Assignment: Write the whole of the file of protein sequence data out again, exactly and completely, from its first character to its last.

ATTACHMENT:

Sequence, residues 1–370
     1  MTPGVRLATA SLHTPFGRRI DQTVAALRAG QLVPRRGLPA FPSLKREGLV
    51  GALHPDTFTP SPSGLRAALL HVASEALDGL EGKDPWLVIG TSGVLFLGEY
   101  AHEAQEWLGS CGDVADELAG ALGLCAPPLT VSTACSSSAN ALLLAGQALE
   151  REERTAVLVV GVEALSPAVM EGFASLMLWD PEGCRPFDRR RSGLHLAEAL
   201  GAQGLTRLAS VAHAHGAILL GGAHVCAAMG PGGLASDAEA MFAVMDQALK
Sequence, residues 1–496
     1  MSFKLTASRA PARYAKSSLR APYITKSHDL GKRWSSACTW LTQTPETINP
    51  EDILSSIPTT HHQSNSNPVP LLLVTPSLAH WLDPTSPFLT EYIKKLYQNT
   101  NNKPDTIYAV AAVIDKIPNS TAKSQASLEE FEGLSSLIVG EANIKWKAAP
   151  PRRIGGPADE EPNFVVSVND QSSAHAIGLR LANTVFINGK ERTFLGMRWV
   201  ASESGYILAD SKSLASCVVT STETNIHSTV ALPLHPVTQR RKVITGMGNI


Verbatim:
Sequence, residues 1–370
     1  MTPGVRLATA SLHTPFGRRI DQTVAALRAG QLVPRRGLPA FPSLKREGLV
    51  GALHPDTFTP SPSGLRAALL HVASEALDGL EGKDPWLVIG TSGVLFLGEY
   101  AHEAQEWLGS CGDVADELAG ALGLCAPPLT VSTACSSSAN ALLLAGQALE
   151  REERTAVLVV GVEALSPAVM EGFASLMLWD PEGCRPFDRR RSGLHLAEAL
   201  GAQGLTRLAS VAHAHGAILL GGAHVCAAMG PGGLASDAEA MFAVMDQALK
Sequence, residues 1–496
     1  MSFKLTASRA PARYAKSSLR APYITKSHDL GKRWSSACTW LTQTPETINP
    51  EDILSSIPTT HHQSNSNPVP LLLVTPSLAH WLDPTSPFLT EYIKKLYQNT
   101  NNKPDTIYAV AAVIDKIPNS TAKSQASLEE FEGLSSLIVG EANIKWKAAP
   151  PRRIGGPADE EPNFVVSVND QSSAHAIGLR LANTVFINGK ERTFLGMRWV
   201  ASESGYILAD SKSLASCVVT STETNIHSTV ALPLHPVTQR RKVITGMGNI